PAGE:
seats in the House and thirteen in the Senate and so too did Lyndon Johnson when Democrats lost forty-seven House seats and four seats in the Senate. In the congressional elections in 1986 during the Reagan years, Republicans lost control of the Senate when they lost eight seats though they only lost five seats in the House. President Clinton was in a different position as Democrats neither lost nor gained Senate seats in the 1998 election and gained four in the House. For President George W. Bush, the pattern was a repeat of earlier eras in which the incumbent saw his party lose a substantial number of House seats, enough for a shift in control to the Democrats. Republicans lost thirty House seats, while the Democrats took control of the Senate with a gain of six seats, bringing the Democrats to a 49-49 split with two candidates who ran as independents, Joseph Lieberman and Bernie Sanders, promising to caucus with the Democrats.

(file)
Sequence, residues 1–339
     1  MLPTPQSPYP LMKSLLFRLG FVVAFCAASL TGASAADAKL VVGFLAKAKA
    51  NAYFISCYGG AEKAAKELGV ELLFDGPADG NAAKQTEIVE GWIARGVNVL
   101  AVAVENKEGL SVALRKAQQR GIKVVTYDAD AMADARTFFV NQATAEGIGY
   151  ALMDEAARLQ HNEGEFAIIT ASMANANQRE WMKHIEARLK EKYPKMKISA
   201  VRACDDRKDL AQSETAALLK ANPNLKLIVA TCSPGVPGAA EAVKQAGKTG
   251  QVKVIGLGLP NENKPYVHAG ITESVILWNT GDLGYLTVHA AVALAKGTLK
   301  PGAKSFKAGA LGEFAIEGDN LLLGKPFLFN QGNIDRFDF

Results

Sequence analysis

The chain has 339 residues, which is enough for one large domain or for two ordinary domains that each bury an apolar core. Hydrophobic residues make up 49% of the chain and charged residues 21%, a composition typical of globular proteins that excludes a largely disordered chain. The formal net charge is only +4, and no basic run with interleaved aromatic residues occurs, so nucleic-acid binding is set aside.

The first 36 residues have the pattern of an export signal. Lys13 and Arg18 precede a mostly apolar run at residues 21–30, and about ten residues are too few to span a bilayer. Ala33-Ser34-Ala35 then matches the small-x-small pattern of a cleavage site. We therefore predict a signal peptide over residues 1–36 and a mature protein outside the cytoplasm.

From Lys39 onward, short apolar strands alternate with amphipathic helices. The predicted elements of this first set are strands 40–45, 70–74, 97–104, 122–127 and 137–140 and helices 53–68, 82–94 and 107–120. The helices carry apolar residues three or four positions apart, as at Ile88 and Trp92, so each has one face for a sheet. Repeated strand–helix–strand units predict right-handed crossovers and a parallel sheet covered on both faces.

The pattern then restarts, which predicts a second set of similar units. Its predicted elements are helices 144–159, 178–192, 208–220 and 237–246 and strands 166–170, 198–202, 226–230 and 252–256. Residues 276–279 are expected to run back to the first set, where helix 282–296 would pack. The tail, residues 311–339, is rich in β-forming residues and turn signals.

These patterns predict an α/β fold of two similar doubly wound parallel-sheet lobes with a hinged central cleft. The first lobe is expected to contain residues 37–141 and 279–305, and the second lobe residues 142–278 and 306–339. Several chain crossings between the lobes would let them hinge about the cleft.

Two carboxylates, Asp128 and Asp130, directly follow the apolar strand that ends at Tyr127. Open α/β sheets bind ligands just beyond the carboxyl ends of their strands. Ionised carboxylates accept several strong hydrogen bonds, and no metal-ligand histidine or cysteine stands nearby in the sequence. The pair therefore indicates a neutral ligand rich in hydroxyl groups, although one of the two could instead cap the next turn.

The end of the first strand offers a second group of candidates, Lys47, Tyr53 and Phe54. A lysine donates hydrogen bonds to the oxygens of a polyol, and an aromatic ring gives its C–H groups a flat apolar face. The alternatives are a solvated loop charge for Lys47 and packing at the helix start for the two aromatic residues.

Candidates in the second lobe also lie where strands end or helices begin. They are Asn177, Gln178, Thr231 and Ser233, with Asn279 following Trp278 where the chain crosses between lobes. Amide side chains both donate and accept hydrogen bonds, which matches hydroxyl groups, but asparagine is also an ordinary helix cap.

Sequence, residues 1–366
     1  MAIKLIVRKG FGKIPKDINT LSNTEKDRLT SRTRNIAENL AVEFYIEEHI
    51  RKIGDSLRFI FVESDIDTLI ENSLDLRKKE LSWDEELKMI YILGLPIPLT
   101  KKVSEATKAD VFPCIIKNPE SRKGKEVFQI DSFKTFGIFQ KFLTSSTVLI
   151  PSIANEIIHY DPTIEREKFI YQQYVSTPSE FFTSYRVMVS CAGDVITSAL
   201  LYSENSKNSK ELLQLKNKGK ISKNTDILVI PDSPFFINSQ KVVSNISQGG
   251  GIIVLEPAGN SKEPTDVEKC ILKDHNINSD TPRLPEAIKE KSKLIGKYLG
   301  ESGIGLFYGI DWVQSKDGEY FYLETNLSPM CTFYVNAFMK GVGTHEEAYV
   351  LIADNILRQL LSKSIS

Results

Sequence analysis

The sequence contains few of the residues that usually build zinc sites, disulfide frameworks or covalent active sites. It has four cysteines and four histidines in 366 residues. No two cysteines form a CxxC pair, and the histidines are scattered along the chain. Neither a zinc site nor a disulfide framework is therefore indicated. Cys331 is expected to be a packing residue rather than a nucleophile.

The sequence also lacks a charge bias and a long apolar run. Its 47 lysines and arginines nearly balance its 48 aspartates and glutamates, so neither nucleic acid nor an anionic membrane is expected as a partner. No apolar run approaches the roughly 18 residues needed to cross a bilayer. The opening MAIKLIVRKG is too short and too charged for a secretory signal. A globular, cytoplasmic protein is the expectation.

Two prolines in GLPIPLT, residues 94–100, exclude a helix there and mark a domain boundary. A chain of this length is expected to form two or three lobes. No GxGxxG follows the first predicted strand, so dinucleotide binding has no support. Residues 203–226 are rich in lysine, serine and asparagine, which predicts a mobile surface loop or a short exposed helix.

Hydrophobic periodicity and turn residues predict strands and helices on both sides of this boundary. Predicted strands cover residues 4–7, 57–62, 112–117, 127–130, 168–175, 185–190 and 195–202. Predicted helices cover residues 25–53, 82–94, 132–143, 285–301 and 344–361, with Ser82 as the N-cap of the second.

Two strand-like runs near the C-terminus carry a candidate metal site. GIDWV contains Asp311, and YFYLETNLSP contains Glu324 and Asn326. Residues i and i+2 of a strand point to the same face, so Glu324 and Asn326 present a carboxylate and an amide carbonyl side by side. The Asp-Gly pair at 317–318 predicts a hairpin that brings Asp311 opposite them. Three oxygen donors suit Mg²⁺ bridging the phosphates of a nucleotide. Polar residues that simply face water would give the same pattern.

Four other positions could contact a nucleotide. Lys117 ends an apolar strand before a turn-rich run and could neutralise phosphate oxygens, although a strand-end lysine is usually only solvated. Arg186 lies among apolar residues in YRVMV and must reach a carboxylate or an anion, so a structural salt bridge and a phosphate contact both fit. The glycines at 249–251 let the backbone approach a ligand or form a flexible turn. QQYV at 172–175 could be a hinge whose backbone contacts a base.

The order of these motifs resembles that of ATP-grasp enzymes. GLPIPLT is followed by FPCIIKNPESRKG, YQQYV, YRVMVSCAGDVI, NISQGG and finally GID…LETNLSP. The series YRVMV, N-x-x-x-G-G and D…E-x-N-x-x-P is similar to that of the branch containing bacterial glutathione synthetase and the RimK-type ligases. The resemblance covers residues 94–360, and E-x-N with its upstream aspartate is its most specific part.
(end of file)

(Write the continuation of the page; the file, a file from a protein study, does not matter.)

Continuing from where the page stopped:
With fewer initiatives to talk about, outgoing two-term presidents hold fewer press conferences in their last year than they did, on average, in their first seven years. With fewer policy initiatives to discuss, solo press conferences are less important, as they primarily serve the purpose for chief executives to demonstrate how conversant they are with important issues and persuading the public to back their initiatives, especially their domestic ones. President George W. Bush, for example, held fifty-two solo press conferences during his eight years, but only five of them were held in 2008-2009.(3) For President Clinton, the same drop off in solo press conferences was a pattern of his last year in 1999-2000. He held three of them in his last year in office with none after June 2000. President Reagan had forty-six solo press conferences with four in his last year. With foreign travel at the fore, many of their public appearances and press conferences here and abroad were ones with foreign leaders, except for Reagan, whose press conferences were all solo ones. Presidents facing significant congressional losses with two years left in their presidencies focus on foreign policy, including a great deal of foreign travel.